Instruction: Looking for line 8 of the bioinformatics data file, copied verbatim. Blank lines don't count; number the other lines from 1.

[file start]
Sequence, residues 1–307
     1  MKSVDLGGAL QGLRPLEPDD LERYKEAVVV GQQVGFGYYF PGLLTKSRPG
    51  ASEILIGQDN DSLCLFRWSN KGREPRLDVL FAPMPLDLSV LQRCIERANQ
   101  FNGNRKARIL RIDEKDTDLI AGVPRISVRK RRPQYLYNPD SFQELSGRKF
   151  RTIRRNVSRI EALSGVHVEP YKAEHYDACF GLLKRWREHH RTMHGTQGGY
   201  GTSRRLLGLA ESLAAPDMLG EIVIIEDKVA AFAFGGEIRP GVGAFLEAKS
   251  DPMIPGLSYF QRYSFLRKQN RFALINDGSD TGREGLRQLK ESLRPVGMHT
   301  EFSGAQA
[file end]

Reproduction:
   301  EFSGAQA